Hitachi’s SMT Exit

And then there were … 27?

Hitachi’s board today announced plans to exit the SMT component placement business, selling off certain parts of the division and closing the rest. In a press release, the firm said it would transfer the sales organization to Yamaha and cease its development and manufacturing activities.

Japan has always been the major provider of the world’s component mounters, headed such major conglomerates as Fuji, Yamaha, Juki, Sony and Panasonic. And while Hitachi’s competitors will welcome one fewer player in the market, this in all likelihood won’t shake up the industry.

Over the years it’s been widely assumed consolidation was inevitable, yet it’s taken more than a decade since the Great Tech Recession of 2001-03 for any major moves to be made.

There have been several transactions and reshufflings, of course: ASM bought Siplace (Siemens), Universal was acquired by a private equity group, as was Assembleon. Mydata was acquired by a fellow Swedish OEM. And earlier this week Dima, a small European player, was snatched up by Nordson. None of these deals has truly changed the shape of the market.

In fact, the June 2013 merger of Juki and Sony was the first major deal in which a serious player ceased to exist. Hitachi’s will be the second.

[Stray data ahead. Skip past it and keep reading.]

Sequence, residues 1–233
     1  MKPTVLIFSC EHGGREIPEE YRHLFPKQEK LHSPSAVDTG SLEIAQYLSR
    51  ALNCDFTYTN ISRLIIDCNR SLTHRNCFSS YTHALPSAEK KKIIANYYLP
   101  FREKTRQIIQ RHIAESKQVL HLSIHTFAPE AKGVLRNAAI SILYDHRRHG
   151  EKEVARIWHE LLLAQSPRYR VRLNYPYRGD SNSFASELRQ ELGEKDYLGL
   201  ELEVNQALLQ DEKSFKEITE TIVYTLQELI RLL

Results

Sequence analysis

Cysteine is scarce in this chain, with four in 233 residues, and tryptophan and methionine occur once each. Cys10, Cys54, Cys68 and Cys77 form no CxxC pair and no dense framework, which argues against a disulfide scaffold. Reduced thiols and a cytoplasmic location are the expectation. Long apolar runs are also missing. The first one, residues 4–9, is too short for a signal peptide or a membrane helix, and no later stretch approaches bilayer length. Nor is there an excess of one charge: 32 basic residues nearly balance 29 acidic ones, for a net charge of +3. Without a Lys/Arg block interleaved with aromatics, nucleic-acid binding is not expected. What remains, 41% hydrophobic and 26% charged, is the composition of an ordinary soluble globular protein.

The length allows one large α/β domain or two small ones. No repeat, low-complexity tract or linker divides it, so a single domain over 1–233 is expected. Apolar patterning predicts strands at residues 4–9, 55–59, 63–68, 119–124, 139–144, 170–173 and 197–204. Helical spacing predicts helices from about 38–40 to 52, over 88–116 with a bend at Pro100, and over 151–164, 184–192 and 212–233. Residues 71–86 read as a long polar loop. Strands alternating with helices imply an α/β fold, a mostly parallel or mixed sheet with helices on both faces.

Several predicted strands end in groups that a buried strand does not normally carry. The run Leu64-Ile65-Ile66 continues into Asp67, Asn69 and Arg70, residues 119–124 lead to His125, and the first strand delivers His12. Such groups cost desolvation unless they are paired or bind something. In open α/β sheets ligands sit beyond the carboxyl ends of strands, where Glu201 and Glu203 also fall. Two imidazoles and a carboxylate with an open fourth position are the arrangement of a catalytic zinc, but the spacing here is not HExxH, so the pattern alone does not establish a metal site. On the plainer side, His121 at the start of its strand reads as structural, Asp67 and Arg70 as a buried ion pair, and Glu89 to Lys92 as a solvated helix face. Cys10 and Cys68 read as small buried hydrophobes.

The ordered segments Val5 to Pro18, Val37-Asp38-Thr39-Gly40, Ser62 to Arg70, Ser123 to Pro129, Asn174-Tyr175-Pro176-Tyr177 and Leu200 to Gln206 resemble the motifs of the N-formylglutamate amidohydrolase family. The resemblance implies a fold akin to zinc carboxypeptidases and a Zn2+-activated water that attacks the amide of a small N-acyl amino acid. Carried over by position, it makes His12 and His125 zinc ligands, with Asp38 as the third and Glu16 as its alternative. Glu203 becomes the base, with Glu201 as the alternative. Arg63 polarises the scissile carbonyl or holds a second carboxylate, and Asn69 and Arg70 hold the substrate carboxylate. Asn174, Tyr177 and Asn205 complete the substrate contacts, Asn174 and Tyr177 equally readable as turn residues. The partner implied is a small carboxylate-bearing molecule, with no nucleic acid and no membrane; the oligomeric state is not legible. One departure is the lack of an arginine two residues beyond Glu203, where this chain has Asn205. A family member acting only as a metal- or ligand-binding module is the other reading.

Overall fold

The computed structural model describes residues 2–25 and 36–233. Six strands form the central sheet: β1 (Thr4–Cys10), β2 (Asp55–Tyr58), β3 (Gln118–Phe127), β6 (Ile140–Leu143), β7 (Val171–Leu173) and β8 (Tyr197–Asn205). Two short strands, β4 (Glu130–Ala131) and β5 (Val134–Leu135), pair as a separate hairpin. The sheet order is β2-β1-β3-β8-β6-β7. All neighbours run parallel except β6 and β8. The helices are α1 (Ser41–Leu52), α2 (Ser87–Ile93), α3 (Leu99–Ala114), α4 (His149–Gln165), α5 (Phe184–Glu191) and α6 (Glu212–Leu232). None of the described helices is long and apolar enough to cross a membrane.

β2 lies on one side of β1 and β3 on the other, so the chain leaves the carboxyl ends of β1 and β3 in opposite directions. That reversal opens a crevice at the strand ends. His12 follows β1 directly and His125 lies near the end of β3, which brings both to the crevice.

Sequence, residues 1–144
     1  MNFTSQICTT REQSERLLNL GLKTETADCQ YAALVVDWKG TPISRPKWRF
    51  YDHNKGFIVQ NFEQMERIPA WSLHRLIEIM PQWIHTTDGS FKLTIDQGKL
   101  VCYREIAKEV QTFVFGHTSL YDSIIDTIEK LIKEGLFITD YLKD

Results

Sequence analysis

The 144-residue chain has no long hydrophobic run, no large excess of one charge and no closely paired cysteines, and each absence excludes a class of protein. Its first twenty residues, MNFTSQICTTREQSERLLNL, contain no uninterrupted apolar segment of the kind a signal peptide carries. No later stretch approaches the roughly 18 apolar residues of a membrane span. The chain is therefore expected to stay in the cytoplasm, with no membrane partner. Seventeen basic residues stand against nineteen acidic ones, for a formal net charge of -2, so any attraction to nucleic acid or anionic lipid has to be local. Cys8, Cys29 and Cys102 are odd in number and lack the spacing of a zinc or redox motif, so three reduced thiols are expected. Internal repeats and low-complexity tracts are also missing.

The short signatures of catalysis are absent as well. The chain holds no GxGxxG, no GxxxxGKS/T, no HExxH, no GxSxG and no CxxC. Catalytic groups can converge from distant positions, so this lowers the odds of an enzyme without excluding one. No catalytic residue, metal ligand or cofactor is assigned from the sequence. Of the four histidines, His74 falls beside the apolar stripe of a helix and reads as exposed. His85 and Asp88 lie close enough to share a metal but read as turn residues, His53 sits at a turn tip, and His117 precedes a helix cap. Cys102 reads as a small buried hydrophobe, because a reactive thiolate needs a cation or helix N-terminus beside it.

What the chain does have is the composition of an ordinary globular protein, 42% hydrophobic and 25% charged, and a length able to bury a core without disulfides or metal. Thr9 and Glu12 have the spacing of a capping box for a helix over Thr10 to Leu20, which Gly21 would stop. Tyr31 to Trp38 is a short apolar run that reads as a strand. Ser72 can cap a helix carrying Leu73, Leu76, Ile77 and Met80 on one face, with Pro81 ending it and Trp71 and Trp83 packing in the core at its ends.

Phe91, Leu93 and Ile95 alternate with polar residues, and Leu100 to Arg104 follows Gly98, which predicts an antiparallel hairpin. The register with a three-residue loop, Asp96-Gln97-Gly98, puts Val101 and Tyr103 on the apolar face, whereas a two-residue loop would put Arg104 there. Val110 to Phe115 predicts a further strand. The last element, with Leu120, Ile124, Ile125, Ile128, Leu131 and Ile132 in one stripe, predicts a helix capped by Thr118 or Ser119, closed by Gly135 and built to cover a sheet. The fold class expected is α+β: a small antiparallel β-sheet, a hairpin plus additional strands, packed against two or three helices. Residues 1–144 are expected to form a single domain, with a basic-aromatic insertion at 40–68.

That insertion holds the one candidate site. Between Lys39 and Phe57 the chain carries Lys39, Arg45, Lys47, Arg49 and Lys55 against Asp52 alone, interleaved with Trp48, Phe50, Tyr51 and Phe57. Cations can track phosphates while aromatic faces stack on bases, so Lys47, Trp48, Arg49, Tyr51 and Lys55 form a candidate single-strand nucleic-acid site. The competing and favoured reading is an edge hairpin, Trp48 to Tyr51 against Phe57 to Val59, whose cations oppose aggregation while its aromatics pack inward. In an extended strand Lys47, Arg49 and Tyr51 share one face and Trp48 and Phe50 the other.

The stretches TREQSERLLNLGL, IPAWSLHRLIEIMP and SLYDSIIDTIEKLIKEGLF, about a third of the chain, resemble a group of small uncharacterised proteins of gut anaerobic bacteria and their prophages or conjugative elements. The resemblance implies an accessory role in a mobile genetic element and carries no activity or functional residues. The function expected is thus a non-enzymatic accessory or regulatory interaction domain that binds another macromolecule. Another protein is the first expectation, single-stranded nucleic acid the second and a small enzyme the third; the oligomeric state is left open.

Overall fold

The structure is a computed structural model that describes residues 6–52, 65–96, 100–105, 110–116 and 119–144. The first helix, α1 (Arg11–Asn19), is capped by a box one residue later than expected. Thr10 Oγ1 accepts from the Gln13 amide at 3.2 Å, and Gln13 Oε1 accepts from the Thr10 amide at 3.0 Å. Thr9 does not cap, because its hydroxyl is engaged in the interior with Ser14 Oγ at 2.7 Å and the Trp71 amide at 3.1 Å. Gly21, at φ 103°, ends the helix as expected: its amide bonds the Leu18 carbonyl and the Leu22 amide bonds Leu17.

The 27 (at least) remaining players will welcome the chance to grab Hitachi’s roughly $68 million in equipment sales now in play as result of this decision. Someone’s bottom line will look at least marginally better in the coming year. But more moves will be needed before the SMT market can truly regain the types of margins needed to inspire significant commitments to innovation that were standard fare in the 1990s.

 

 

 

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About Mike

Mike Buetow is editor-in-chief of Circuits Assembly magazine, the leading publication for electronics manufacturing, and PCD&F, the leading publication for printed circuit design and fabrication. He is also vice president and editorial director of UP Media Group, for which he oversees all editorial and production aspects. He has more than 20 years' experience in the electronics industry, including six years at IPC, an electronics trade association, at which he was a technical projects manager and communications director. He has also held editorial positions at SMT Magazine, community newspapers and in book publishing. He is a graduate of the University of Illinois. Follow Mike on Twitter: @mikebuetow